Are there people in your life you see all the time, but have never actually met? Sure there are.
We got a question a few weeks ago for our ATXplained project from a guy named Chris Marshall. He asked:
"I want to know more about the crossing guard who waves to every car at Pleasant Valley and Palo Blanco Ln. He is an inspiration!”
I called Chris to find out why this waving crossing guard caught his attention.
“I feel like he’s putting something into it,” Chris said. “This is like a full-on Texas howdy, good morning, how you doing? It’s like an emotional cup of coffee.”
Chris has a connection with this guy. This waving crossing guard is a ritual for him – and he doesn’t even know the guy’s name. But Chris has thought about him a lot. He made up details of his life based on the visual clues he’s gathered.
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"I see that he has a Marine hat on — maybe a veteran?” Chris wondered. "Maybe has grandkids? I don’t know. I just know that [he’s doing] an exceptional job and he’s done it for years."
I arranged for us to go meet this crossing guard. We found him on the corner — right by Mendez Middle School in Southeast Austin.
His name is Richard Tuttle. He’s 78 years old and lives with his wife about a mile from this intersection. He’s dressed in a bright fluorescent vest and hat. He’s got a white mustache.
"I been retired now, for what, 18 years?” Richard said. "I had a friend that talked me into coming to work with him. I told him one morning, ‘Well, go ahead and get me an application.' He said, ‘You’re hired, you don’t need an application.’ He carried me down to the main office, they interviewed me and here I am.”
He’s been on this corner morning and afternoon for 15 years now. He says he hasn’t missed a day — except a few mornings for when he goes to the Cowboy Breakfast at the start of the Austin Rodeo.
Richard was a carpenter until he retired. His dad was a carpenter. His grandfather, too. But being totally retired just wasn’t for him.
"I don’t set around and get still for nothing, like most people," he said. "When they retire, they retire — that’s it. I’m not like that.”
He’s used to early mornings. He grew up on a farm in North Carolina. His family grew tobacco, corn and cotton. His dad would wake everyone up at 2:30 a.m.
“My mom, she always had breakfast on the table at 2:30 in the morning,” Richard said. "Of course, they’re all dead and gone now. But I still think a whole lot about it. I would like to move back home … but I’m too old now to be moving around."
Richard moved to Austin in the '90s when the construction company he worked for brought him here to work on the new Hyatt Regency hotel on the river. His wife was from Austin, and when he got here, he fell in love with it.
Richard's wife has two sons from a previous marriage and they have one grandson — so Chris was right about that (although the grandson is 28 now).
He's not a veteran — as Chris suspected — but he feels strongly about the military. He comes from a line of service members. Two of Richard’s uncles died in World War II. He spends some of his off time at the VFW hall and says he understands what military folks go through. He hangs an American flag on a street sign at his intersection to show his pride.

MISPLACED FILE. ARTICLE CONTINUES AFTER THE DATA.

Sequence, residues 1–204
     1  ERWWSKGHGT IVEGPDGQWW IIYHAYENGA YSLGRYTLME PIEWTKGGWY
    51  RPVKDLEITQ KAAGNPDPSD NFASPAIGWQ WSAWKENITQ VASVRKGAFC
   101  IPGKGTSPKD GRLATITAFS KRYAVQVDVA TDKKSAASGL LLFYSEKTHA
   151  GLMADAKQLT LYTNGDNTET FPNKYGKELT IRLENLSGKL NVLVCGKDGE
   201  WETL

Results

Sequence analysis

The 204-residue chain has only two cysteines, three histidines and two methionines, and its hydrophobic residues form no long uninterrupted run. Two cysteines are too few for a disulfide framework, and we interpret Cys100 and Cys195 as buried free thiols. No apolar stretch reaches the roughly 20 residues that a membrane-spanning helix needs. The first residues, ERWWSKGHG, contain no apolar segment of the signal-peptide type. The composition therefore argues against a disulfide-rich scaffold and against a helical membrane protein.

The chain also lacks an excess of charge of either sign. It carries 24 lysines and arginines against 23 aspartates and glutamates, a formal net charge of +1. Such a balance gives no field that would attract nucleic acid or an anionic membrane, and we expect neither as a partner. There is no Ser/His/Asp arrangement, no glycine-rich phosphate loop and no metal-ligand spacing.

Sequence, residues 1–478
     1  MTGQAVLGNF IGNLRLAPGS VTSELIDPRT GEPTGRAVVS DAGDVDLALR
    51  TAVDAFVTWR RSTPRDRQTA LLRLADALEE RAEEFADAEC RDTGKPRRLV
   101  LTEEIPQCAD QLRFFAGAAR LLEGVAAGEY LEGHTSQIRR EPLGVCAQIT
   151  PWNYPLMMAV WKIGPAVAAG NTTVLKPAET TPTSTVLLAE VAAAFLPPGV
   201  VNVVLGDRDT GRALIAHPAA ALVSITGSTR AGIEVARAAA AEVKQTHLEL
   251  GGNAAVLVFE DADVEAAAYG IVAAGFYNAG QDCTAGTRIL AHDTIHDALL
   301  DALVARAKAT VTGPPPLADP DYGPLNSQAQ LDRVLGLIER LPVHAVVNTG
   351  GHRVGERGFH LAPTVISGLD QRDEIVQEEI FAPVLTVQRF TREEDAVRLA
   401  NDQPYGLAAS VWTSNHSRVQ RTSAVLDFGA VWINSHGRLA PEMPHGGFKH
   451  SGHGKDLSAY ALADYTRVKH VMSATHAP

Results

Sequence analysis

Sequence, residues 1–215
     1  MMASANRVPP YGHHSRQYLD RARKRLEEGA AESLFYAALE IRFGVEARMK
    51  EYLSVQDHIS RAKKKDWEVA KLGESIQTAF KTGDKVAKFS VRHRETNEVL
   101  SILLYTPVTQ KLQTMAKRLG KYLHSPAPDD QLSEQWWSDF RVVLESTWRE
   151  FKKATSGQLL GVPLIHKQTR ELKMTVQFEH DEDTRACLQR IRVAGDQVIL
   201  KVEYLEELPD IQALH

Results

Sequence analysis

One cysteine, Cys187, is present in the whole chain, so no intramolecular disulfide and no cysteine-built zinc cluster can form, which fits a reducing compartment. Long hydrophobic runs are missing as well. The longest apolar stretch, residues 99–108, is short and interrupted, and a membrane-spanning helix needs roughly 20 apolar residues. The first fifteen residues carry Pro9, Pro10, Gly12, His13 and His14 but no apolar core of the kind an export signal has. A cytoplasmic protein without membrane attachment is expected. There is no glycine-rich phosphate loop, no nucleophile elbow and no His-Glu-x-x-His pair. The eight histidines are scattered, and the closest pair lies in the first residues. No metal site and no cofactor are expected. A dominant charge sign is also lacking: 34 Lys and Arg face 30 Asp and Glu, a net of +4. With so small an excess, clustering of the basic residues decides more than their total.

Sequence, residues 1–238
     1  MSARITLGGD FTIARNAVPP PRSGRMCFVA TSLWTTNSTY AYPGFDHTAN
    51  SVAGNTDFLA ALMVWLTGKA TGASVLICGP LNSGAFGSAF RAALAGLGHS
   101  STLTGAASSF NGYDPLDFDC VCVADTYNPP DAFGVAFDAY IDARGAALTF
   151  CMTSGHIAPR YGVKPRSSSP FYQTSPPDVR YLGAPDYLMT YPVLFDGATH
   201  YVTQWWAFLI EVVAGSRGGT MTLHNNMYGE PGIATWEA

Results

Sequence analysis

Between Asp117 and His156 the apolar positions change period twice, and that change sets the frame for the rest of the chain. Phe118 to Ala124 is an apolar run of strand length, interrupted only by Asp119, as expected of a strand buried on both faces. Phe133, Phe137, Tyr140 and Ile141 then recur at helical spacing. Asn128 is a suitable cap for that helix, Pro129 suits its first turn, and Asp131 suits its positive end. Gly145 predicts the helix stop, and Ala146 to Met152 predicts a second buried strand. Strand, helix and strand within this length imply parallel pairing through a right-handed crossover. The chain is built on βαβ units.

Chris asked him: Why does he wave at everyone?
"I just love everybody,” Richard said. "I just got that feeling in my heart, you know? I just love everybody — try to anyhow. And I just started throwing my hand up at everybody when they come by … and I still do it.”
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It’s more than that to Chris, though.
“In a world where we’re so divided and people can’t get along, it’s just nice that without knowing who’s in that car, where they’re going … you’re waving at them,” Chris told him. “You just never know the good that you’re putting out into the world. Sometimes we just don’t know how we impact someone’s life. You’ve impacted my life – and I’m sure countless other people – just by putting that good energy out into the world."
"Makes me feel good to know that I have touched somebody around here,” Richard said.
As we left, Richard headed out into the intersection to stop the traffic.
After talking with Richard, Chris seemed satisfied knowing a little more about this fixture in his life. And he said something that made me think about all the people like this in my life: “There are so many people who make up the landscape of Austin, and we just don’t know who they are."
So, I’m wondering: Who are the people who make up the landscape of your neighborhood? The postal worker? The cashier at 7-Eleven? The person who’s out there making your neighborhood a little more colorful?
We want to hear from you about the people you want to know more about — or the people you think the rest of us should. Tell us who’s making a difference for you or your neighborhood in some way — like the crossing guard who waves at all the passing cars.
We’re starting a series we’re calling “Hi, Who Are You?” Tell us who you think we should meet in the form below.